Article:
The ease of use for this machine was unbelievable. It was almost like welding steel with a conventional MIG welder. Larry was equally impressed.
I don’t know how many of you have tried MIG welding aluminum autobody panels before, but it’d been a few months since I’d attempted to do such in our shop. So upon my return to the shop, I broke out our spool gun and gave some of the same panels another try.
As impressed as I was when first trying the inverter-based welder at OTC, I was doubly impressed after I tried to duplicate the results we’d achieved that morning.
When welding with our (what now seemed archaic) welder, the only way I’m able to achieve results with any consistency is to do what I call overlapping spot welds. With our welder, it seems impossible to move at an increasingly fast enough pace to keep from blowing a hole in the lightweight panels that we’re faced with in a body shop environment.
Looking back to the time when we got the spool gun and welder we have now, I was impressed. But now that I’ve been shown something better, the brilliance of our old welder has faded considerably.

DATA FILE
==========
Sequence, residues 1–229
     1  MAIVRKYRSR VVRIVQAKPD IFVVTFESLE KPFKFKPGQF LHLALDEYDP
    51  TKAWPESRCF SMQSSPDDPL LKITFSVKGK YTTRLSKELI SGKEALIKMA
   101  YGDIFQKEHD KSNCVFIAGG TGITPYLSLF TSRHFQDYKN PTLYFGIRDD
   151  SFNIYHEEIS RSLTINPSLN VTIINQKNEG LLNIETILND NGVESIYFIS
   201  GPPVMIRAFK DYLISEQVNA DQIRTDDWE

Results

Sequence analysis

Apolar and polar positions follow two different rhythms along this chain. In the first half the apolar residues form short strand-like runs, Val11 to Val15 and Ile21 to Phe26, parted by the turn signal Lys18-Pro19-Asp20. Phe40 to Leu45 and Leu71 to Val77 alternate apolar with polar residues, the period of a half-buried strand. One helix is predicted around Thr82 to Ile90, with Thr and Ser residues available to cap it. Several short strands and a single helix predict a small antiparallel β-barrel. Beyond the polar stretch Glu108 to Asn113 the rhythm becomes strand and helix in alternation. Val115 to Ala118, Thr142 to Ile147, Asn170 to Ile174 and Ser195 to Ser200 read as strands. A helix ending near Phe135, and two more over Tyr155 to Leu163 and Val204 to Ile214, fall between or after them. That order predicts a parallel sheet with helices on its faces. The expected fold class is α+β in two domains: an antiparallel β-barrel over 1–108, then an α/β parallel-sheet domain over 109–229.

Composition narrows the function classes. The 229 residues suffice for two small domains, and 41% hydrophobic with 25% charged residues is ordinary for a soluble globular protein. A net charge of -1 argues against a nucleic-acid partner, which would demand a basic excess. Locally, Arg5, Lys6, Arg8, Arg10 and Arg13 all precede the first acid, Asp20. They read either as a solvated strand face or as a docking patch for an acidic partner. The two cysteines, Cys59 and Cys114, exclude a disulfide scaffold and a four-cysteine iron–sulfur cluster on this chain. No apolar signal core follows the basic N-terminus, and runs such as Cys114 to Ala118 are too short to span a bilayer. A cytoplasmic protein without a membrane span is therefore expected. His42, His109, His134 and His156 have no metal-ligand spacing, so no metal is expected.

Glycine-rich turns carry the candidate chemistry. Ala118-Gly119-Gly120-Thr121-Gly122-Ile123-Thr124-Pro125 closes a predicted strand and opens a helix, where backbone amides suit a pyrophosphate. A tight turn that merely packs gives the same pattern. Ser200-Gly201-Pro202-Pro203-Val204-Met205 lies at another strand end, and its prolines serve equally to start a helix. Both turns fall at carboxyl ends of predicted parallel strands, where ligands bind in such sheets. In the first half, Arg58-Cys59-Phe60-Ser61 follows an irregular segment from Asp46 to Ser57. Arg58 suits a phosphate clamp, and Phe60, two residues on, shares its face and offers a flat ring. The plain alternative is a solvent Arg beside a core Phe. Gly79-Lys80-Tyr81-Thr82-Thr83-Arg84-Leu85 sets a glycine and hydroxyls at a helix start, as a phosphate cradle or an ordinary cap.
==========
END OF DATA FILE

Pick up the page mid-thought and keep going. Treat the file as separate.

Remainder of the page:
Ever-changing technology seems to make us less satisfied with yesterday’s triumphs, doesn’t it? Now sometimes I know it seems that anything new will impress some people, but I can assure you that in the past, I’ve had less-than-exciting results from some of the “new and improved” items that have been demonstrated to me.
But not in this case.
If you’re looking for a way to weld the increasingly present aluminum, I recommend you “test drive” one or more of these inverter welders.
As for me, I’m going to continue my research on the inverter-based welders. I may try out one of the less expensive models to see how they compare. The machine that Larry and I test drove is what I would consider a Cadillac among welders. It worked above my expectations, but its price tag is close to $6,000.
That may deter you but, then again, it may inspire you to begin thinking about what you can give up to afford such an acquisition.
Let’s see … if I cut back to one baloney sandwich a day and …
Contributing editor Keith Combs is the body shop manager at Bill Roberts Chevrolet, where he’s been employed for more than 25 years. He was named GM/ASE Master Collision Repair/Refinish Technician of the year 2000 and was one of the first to achieve GM’s World Class Technician status in 2002.